Alina Stefanescu firstname.lastname@example.org Birmingham, AL
100,000 Poets for Change Birmingham
September 26, 2020 at 7:00PM — 8:00PM
Our 2020 Community Partners and Co-Organizers
Vinegar is an artist-run, women-led nonprofit organization. They champions artists by facilitating the creation, experience, and convergence of contemporary art, infusing it into communities to support, challenge, and enrich our collective consciousness. Vinegar makes and celebrates contemporary art in Birmingham and beyond. We are so grateful to them for being our primary partner and facilitator in making magic happen with (and through) this event.
1oo,000 Poets For Change
100 Thousand Poets for Change, or 100TPC, is an international grassroots educational, 501c3 non-profit organization focusing on the arts, especially poetry, music, and the literary arts. It was founded in 2011 by Michael Rothenberg and Terri Carrion, and focuses on a worldwide event each September. Poets around the USA, and across the planet, gathered in celebration of poetry to promote social, environmental, and political change. 100TPC has organized over 5000 poetry events from Baghdad to Budapest. We proud to host the 4th Annual Birmingham 100 TPC event here.
Be A Blessing Birmingham
Be A Blessing Birmingham is a nonprofit organization providing food, hygiene items, and clothing to our displaced neighbors in the Birmingham area. This summer, Be A Blessing and its founder, Erica Robbins, has not only served our displaced neighbors, but they have also been instrumental in the protest movements across the Greater Birmingham area, providing assistance with bail for protestors. On the third Saturday of each month, Be A Blessing Birmingham team transports tubs of sorted clothes, shoes, snacks, and feminine products to share with Birmingham’s transient community.
The 100,000 Poets for Change Program & Fundraising Focus
The 2020 edition of 100 Thousand Poets for Change: Birmingham will bring poets together with movement artists in a unique artistic exchange for social justice and awareness in our community and beyond. Local poets Laura Secord, Joi Miner, Mango Miner, Emma Bolden, Desai Ogada, Josh Baker, and Maria Vargas will read poems for change alongside the improvised movement of Fen Kennedy and Brianna Rhodes.
Every year, we partner with different local establishments to do a reading that fundraises for a local nonprofit. In previous years, we have raised money for: Dynamite-Smithfield Community Landtrust, Alabama Coalition for Immigrant Justice, Shut Down Etowah, and GASP Birmingham.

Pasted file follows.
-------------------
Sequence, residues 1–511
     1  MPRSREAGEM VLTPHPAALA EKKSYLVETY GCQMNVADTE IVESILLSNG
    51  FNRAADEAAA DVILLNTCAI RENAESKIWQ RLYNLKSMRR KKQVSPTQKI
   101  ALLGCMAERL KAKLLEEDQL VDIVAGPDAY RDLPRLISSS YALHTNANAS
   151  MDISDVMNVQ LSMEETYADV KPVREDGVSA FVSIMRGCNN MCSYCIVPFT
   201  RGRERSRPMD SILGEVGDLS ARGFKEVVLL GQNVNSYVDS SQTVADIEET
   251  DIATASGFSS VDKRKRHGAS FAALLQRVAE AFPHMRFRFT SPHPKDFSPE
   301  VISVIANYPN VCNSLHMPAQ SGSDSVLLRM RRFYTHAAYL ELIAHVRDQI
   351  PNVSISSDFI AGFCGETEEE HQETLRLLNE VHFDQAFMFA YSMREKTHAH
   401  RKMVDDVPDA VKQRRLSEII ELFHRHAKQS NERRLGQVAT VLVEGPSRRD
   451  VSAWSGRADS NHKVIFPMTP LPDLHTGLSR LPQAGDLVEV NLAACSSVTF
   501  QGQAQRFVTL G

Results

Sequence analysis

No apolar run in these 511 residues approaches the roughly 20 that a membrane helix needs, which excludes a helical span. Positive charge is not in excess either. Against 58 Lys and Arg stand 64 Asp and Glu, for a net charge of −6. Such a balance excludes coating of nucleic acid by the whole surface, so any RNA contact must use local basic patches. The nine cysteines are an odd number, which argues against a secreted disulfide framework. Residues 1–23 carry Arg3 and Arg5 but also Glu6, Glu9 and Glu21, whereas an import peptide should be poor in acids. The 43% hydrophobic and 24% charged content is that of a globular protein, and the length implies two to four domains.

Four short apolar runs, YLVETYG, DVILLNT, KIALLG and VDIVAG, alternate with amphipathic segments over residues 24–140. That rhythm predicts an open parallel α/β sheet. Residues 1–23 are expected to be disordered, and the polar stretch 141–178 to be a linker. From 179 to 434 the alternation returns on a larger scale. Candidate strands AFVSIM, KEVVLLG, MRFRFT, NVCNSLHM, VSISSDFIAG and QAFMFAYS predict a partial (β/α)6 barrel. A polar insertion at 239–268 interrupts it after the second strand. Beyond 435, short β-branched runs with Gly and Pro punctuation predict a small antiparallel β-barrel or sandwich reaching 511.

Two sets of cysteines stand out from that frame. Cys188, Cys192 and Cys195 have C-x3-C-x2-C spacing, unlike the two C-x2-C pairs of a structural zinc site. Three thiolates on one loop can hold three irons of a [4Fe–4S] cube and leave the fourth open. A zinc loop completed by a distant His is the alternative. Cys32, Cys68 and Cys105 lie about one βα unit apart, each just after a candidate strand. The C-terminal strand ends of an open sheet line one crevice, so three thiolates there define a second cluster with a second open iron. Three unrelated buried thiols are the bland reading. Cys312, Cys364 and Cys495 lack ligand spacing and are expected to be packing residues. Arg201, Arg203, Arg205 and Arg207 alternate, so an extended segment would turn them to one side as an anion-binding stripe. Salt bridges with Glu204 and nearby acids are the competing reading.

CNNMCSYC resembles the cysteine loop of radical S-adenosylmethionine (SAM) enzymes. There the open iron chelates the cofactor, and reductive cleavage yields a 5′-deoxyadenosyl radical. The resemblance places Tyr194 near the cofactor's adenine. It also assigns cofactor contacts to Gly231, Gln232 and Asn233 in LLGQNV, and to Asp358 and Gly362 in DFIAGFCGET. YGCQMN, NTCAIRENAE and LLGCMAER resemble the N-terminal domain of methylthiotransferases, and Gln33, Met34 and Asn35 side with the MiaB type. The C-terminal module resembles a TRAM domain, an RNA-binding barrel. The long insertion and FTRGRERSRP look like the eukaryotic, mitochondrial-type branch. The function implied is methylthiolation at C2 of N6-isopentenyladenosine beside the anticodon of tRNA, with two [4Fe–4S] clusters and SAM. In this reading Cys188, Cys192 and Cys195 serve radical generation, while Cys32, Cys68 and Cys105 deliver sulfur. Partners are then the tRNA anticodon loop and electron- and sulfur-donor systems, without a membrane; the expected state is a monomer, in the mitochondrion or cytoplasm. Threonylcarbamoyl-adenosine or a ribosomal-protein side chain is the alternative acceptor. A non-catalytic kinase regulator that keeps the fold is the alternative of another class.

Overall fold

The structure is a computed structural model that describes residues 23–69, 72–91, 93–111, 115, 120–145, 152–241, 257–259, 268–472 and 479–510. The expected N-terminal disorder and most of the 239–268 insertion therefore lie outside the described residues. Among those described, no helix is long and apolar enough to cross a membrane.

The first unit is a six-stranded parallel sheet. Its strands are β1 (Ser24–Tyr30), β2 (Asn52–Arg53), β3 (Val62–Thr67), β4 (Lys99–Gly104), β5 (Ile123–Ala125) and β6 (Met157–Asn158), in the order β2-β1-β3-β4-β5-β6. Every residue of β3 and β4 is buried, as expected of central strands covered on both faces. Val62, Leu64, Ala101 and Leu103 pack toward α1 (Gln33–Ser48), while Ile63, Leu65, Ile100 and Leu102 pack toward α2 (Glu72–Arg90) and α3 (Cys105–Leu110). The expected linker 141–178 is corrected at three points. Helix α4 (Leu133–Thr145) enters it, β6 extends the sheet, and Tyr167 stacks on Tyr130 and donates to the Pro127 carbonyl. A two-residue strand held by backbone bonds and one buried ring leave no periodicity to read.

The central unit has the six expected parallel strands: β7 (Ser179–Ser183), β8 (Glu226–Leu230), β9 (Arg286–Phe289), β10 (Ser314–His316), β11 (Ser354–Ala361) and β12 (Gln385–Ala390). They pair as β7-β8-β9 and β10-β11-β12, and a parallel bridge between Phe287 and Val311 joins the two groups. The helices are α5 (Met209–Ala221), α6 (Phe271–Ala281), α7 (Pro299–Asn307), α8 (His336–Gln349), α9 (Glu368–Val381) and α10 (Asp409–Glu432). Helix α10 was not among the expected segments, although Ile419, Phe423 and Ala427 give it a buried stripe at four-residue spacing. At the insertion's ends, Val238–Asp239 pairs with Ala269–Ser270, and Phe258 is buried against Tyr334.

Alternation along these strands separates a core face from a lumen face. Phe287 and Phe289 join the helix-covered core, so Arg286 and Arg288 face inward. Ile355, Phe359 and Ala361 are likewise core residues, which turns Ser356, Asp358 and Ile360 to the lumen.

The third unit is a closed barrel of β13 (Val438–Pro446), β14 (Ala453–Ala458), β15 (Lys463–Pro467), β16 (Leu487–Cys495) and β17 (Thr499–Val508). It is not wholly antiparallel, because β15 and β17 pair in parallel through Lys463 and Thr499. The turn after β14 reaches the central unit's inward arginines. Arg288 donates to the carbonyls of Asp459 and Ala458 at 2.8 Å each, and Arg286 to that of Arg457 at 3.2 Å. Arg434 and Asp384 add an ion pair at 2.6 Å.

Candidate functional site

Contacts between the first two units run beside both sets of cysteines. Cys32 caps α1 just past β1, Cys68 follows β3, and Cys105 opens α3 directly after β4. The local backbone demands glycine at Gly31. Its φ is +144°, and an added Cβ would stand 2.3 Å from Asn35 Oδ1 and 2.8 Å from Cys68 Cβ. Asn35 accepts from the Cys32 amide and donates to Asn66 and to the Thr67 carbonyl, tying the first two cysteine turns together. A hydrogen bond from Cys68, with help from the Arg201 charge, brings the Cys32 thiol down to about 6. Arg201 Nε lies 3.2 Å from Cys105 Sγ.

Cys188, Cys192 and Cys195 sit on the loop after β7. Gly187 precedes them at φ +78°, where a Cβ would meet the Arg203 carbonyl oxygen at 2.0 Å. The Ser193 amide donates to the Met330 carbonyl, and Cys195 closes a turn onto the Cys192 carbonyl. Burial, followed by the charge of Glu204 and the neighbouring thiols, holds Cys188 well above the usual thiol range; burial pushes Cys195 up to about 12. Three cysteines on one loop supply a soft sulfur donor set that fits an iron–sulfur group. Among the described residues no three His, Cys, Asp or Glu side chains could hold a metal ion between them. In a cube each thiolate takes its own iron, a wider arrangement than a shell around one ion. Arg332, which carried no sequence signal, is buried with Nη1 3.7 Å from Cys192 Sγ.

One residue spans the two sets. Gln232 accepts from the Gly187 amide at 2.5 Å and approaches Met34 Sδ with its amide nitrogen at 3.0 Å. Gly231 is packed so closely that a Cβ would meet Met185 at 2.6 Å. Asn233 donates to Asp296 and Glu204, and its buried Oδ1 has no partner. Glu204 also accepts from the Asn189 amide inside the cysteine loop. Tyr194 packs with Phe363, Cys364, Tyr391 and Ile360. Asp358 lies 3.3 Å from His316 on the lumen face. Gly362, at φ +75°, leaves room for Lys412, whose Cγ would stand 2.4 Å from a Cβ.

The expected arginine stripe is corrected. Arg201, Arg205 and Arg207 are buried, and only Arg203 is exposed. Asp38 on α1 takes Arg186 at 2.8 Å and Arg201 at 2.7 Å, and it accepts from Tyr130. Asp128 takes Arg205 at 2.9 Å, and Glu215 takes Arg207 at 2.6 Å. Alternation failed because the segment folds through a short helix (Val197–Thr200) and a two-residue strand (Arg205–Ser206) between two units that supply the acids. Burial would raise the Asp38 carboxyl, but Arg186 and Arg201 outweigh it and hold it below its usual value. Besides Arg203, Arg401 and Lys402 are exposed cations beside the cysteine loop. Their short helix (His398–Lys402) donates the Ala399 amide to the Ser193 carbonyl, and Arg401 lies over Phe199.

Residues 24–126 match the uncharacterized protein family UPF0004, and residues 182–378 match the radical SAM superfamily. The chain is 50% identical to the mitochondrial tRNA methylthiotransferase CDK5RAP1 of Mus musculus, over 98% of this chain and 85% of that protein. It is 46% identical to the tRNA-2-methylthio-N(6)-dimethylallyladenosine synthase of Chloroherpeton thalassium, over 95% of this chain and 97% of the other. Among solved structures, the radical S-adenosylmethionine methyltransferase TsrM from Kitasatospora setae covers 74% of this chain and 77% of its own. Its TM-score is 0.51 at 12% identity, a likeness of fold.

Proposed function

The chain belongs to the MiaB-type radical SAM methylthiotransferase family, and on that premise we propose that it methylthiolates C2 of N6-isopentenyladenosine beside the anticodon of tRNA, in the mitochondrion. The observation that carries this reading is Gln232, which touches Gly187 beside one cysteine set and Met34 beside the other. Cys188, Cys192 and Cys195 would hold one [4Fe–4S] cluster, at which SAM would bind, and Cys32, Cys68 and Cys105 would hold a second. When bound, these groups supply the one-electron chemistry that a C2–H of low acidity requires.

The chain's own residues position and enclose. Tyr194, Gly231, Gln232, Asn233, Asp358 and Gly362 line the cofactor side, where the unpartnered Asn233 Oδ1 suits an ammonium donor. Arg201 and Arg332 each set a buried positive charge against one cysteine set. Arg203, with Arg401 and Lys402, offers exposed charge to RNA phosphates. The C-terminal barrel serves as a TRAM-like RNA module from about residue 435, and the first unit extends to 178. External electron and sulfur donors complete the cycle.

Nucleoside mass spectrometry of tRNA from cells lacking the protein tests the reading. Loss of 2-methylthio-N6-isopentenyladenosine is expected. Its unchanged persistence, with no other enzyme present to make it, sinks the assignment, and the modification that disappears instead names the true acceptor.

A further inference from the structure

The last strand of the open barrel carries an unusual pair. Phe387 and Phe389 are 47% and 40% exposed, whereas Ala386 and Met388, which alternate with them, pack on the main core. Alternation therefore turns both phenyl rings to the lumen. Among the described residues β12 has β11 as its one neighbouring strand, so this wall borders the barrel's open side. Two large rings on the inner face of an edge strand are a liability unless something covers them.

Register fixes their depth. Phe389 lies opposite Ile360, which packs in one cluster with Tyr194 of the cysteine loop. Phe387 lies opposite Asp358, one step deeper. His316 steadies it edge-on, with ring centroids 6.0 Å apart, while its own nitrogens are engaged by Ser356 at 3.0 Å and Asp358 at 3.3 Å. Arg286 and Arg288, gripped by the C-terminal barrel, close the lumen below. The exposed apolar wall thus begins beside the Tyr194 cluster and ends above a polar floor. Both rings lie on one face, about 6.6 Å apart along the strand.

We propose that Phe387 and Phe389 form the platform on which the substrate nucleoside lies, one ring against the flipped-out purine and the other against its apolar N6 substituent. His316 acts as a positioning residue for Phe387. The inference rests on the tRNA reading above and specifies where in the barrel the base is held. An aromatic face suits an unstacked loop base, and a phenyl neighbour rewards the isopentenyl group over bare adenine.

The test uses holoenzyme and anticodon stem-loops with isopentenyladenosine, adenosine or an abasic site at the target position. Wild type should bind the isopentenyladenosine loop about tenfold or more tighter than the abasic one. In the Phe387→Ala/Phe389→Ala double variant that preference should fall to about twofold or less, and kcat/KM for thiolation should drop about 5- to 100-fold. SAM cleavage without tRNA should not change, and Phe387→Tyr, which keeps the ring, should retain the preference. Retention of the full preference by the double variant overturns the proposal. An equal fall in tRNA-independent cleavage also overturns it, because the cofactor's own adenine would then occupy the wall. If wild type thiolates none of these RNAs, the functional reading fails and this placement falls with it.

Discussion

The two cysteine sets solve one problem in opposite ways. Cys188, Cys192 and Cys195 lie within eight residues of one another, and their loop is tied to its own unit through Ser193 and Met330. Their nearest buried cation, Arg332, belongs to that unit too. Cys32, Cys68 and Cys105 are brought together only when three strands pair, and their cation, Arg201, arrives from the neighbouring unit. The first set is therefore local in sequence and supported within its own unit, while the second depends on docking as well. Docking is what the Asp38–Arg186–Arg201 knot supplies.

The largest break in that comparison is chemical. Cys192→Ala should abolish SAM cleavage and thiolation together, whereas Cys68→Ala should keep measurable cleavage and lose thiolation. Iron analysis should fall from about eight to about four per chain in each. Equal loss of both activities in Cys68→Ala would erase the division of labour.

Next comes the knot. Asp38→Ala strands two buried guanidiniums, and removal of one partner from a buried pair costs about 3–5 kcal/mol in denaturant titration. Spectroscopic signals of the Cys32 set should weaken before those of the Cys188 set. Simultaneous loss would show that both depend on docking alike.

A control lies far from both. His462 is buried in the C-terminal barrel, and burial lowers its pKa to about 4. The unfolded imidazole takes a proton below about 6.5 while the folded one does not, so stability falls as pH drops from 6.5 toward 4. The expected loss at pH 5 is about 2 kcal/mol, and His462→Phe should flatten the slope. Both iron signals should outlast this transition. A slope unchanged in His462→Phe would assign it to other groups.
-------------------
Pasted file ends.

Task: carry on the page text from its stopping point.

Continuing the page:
This year’s event, brought to you by VINEGAR and Magic City Poetry Festival, will benefit Be A Blessing Birmingham. Be A Blessing Birmingham is a nonprofit organization providing food, hygiene items, and clothing to our displaced neighbors in the Birmingham area. All funds raised during this event will go directly to Be A Blessing to aid with any and all of these necessary and important activities. We hope you’ll join us to use our art for change!
To register and/or make a donation, just click on the large purple button below.
September 26, 2020 at 7:00PM — 8:00PM
The 100,000 Poets for Change Readers & Performers
Joi Miner, 38, is a mother of two beautiful daughters from Montgomery, AL (currently residing in Birmingham, AL). She is a full-time author-preneur: editor, performance poet, storyteller, sexual assault and domestic violence activist, who loves spending time with her family, hosting shows, and listening to good music. You can listen to here readings online at Soundcloud and purchase her books and support her writing here.
Tuscaloosa-based poet Joshua Baker is a Huntsville native and MSW graduate from Alabama A&M University. His passions lie in minority mental health and LGBTQIA+ advocacy. He has had the opportunity to feature at Out Loud HSV and perform at 100 Thousand Poets for Change Birmingham. He has had work published in Out Loud! HSV: A Year in Review (2016-2019), Aura Literary Arts Review, and Hypertrophic Press. Baker was a member of Out Loud HSV’s 2018 Poetry Slam Team and has led various poetry workshops rooted in harnessing the power that lies in our joy, our identity, and our immutable truth. Baker has also self-published two poetry chapbooks entitled This Here Side of Creation (2018) and Love Poems & Other Ways to Lose A Poetry Slam (2018). He lives. He loves. He tells stories. And on most days, that’s enough to foot the bill. You can support this poet by purchasing a book online.
Emma Bolden is the author of House Is an Enigma (Southeast Missouri State University Press), medi(t)ations (Noctuary Press), and Maleficae (GenPop Books). The recipient of a 2017 Creative Writing Fellowship from the National Endowment for the Arts and a 2019 Literary Arts Fellowship from the Alabama State Council on the Arts, her work has appeared in The Norton Introduction to Literature, The Best American Poetry, The Best Small Fictions, and such journals as the Mississippi Review, The Seneca Review, StoryQuarterly, Prairie Schooner, New Madrid, TriQuarterly, Shenandoah, and the Greensboro Review. She currently serves as Associate Editor-in-Chief for Tupelo Quarterly and an Editor of Screen Door Review.